Lift Up Others

At one point or another in our faith journey, every true believer has told God that they would be obedient to his every command. We have assured him that we would follow him, no matter the cost. We have promised to be faithful and loyal and true. Chances are we messed up on every single front and immediately had the devil taunt us: “There is no hope for you! You will never be anything but a loser.”

Before we buy into his lie, it would help us to remember that almost every “hero” in the Bible messed up big time at least once. Some, like David and Samson, made a habit of it. Yet, look at them today. They’re among the superstars of the Bible! Why does God choose people who have failed him to lead his people? Aside from the obvious reason—if they can become heroes, so can we—there are a couple of other important reasons. Let us look at another hero who failed to discover them. He is Peter.

Shortly after the Last Supper, Jesus said to Peter, “Simon, Simon, Satan has asked to sift all of you as wheat.” Which essentially meant that the devil wanted to put Simon Peter to the test, and Jesus had agreed to it. Then Jesus made a prayer for Peter, but it was a strange one. He didn’t pray that Peter would pass the test; he prayed that Peter’s faith wouldn’t fail. Why didn’t he pray that Peter would succeed? Because sometimes more lessons can be learned from failing than from succeeding! 

What lessons? Humility, for one. Compassion, for another. Peter was a tough guy. Or so he thought. He boasted the devil could test him all he wanted; he was not going to be shaken or stirred. He was ready to go with Jesus to jail or even death. Jesus told him that his boasting was hollow; Peter would deny him three times before the rooster crowed. We all know that’s exactly what happened. The third time Peter denied Jesus, the rooster crowed on cue. At that very moment, Jesus locked eyes with Peter. One can only imagine the shame Peter experienced at that moment as he broke down and wept like a baby. He had utterly failed his Lord (see Luke 22:31-62).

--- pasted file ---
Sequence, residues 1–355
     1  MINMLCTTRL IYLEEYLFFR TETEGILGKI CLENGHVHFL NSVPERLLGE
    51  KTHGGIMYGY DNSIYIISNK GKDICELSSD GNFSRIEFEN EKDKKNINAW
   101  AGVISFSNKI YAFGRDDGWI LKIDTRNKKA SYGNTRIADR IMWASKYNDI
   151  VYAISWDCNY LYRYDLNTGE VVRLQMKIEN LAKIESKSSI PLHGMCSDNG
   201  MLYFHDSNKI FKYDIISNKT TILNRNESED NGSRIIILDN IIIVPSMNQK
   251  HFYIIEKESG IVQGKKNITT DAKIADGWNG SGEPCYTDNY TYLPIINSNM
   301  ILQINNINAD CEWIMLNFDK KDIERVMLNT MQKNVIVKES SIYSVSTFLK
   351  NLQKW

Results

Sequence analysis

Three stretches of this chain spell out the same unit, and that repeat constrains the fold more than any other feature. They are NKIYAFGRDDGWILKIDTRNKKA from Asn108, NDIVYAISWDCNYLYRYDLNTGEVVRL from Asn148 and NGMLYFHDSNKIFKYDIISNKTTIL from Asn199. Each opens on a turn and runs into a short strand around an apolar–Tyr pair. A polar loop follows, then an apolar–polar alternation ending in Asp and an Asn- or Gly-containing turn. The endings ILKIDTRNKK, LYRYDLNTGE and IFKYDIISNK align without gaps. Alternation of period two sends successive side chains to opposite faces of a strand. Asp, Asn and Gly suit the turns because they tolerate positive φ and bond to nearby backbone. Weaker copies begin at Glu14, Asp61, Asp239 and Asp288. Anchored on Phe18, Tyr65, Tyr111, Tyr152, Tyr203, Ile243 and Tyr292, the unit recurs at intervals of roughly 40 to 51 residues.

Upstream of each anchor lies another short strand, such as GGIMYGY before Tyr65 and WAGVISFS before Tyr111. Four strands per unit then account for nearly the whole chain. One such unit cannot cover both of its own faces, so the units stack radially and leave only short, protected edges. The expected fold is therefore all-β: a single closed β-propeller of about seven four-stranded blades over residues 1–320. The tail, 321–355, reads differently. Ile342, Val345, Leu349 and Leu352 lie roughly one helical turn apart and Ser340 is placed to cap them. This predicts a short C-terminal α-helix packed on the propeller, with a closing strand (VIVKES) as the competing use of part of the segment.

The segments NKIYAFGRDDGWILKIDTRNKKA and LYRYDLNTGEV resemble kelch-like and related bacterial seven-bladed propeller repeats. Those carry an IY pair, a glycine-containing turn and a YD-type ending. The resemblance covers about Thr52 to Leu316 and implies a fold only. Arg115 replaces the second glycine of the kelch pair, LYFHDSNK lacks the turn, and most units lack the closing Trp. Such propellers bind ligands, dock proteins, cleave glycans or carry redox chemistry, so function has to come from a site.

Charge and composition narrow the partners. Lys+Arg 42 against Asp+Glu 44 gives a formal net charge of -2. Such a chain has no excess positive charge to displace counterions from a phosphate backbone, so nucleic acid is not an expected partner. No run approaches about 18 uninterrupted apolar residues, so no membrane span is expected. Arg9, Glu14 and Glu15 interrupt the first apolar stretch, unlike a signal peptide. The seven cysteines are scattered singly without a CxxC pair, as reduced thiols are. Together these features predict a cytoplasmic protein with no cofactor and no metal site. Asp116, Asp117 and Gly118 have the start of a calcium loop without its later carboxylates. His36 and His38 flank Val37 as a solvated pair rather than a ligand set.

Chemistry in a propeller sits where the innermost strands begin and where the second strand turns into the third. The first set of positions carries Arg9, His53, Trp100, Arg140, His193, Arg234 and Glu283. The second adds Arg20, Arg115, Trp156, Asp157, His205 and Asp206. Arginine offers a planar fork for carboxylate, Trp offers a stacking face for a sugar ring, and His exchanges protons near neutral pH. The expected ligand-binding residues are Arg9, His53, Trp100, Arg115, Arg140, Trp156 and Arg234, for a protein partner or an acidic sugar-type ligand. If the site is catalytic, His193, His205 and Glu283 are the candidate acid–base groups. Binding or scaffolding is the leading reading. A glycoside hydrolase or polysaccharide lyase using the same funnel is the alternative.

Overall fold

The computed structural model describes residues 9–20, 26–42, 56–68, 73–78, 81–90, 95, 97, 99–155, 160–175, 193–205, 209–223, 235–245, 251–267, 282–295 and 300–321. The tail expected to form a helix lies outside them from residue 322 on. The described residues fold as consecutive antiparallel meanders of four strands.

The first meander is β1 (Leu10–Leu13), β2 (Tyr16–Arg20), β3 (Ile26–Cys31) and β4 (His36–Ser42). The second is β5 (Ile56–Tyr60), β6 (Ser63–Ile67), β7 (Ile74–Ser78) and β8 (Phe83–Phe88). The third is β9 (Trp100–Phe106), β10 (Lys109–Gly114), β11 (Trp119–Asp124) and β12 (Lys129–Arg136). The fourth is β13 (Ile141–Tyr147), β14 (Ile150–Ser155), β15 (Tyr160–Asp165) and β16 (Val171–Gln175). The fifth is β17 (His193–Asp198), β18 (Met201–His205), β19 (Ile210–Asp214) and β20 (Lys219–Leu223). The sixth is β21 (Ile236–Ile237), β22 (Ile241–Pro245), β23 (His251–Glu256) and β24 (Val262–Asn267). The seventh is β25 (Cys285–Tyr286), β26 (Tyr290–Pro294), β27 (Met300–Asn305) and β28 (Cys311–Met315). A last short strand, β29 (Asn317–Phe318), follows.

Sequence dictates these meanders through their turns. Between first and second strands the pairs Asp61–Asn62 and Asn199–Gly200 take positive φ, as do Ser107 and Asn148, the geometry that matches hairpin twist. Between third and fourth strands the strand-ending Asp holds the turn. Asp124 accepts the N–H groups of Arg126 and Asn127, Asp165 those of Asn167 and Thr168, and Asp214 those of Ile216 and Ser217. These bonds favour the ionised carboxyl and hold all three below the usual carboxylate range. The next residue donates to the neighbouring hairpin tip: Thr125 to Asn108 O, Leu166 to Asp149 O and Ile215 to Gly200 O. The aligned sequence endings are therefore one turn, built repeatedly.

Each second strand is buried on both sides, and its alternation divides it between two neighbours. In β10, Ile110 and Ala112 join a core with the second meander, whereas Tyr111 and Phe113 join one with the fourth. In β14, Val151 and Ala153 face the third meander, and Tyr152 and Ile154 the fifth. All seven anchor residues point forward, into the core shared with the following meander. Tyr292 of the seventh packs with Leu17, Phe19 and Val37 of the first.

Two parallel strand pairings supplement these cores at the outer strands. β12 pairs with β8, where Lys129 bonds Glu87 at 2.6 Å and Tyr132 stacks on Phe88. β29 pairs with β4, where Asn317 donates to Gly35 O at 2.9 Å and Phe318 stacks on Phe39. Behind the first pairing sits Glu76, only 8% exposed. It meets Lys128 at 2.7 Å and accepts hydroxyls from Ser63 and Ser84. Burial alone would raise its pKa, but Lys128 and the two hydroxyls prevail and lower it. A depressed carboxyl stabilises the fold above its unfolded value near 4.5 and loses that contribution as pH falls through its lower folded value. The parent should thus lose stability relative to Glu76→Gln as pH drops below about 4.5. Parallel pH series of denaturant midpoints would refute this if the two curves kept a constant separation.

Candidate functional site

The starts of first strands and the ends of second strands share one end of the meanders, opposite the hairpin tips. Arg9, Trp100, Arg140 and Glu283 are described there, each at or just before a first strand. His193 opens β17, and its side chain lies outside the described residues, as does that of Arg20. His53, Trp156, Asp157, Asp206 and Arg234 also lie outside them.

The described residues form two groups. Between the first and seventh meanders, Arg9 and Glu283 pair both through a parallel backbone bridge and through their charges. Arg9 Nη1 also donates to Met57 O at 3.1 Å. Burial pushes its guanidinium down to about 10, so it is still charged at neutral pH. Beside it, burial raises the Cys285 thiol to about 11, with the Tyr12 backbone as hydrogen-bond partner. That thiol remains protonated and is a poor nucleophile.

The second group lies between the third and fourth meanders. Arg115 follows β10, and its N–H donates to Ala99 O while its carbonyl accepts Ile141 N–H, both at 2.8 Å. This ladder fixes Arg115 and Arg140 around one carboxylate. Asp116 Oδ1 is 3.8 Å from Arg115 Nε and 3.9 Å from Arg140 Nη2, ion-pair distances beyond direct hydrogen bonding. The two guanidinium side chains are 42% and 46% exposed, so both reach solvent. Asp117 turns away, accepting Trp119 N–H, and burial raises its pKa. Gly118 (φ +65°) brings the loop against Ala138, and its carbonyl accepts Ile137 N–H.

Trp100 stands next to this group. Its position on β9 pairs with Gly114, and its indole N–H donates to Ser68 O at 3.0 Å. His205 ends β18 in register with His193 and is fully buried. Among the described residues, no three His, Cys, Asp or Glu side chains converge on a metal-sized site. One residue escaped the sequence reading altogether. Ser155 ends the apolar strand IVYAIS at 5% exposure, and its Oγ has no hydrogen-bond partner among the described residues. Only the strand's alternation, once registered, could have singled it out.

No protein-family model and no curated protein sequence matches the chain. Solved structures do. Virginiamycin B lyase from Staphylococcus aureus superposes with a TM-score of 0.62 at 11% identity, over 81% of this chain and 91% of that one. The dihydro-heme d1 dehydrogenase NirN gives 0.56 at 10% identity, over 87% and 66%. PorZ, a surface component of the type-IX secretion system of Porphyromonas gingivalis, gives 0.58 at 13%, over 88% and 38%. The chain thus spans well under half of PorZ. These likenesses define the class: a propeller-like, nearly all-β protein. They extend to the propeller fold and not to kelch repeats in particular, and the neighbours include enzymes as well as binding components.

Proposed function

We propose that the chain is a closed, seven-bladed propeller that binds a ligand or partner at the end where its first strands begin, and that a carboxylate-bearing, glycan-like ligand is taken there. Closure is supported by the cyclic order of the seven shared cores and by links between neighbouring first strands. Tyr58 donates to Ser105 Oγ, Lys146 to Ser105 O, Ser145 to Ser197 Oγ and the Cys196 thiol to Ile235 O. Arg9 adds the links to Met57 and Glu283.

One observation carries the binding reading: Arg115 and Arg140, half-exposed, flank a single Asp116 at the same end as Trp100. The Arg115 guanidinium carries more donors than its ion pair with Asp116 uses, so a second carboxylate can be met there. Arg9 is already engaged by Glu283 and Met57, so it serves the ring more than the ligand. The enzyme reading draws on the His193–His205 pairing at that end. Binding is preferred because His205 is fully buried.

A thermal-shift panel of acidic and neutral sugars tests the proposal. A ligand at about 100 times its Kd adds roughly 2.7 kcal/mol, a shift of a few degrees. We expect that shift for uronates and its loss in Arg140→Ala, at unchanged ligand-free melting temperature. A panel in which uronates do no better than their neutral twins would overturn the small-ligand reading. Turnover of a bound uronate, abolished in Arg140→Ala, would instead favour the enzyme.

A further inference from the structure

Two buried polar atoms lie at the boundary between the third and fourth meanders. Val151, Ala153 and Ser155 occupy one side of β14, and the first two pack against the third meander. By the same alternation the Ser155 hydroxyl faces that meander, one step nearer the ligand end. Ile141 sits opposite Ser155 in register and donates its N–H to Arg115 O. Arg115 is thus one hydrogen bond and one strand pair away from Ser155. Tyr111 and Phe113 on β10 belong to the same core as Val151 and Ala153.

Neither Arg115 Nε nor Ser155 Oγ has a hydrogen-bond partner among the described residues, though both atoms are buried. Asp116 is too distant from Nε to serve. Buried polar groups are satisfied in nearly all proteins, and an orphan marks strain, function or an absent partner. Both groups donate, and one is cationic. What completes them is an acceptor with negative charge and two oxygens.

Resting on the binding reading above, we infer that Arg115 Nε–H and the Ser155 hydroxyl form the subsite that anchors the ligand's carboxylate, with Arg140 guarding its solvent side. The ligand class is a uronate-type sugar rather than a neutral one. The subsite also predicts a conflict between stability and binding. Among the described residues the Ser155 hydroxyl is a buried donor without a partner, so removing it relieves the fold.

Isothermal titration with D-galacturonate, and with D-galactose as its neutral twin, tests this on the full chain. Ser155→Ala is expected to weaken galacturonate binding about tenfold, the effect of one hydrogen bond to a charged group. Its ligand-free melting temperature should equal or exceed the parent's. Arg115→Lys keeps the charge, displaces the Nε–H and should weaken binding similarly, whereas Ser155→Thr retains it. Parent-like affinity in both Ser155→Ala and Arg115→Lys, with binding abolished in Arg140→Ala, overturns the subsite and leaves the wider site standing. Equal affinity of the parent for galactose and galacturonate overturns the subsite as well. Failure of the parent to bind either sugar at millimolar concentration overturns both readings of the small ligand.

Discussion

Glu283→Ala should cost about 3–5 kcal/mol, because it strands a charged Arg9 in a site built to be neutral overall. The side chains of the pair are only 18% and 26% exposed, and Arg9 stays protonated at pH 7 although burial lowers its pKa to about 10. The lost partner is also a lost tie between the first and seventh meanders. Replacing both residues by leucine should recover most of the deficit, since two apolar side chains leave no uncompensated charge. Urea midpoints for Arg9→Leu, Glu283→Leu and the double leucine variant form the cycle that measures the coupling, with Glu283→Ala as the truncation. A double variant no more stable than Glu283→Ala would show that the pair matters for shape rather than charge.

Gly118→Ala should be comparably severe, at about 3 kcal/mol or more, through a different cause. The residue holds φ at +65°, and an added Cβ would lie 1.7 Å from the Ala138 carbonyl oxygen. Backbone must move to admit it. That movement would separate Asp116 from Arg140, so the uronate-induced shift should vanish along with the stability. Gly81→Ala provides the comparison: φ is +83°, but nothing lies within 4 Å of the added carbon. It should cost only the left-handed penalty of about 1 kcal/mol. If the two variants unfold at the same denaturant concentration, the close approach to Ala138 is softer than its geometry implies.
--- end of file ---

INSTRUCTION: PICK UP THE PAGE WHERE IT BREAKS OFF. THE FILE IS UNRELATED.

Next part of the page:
Did Peter feel like quitting after that? Probably. Failure can be a terrible thing to deal with. And he might have quit, except for one thing. He remembered Jesus’ great and unconditional love for him. This is what Jesus had prayed for: that Peter’s faith in his love would not fail. And, as Peter gradually got back to his feet, he understood that no matter how tough or resilient he believed he was, he could do nothing on his own strength. He could only do it with the grace of God. And he also realized that if he, the rock on whom Jesus said he would build his church, could fail, then so could anybody. This would make him compassionate to the failures of others.

This humility and compassion are what made Peter a shepherd in the likeness of Jesus. So, when we fail, it is to learn these two important lessons, without which we might become a self-righteous and condemning lot like the Pharisees of old. And when we rise up again, Jesus’ words to Peter also apply to us: “When you have turned back, strengthen your brothers!” (Luke 22:32).

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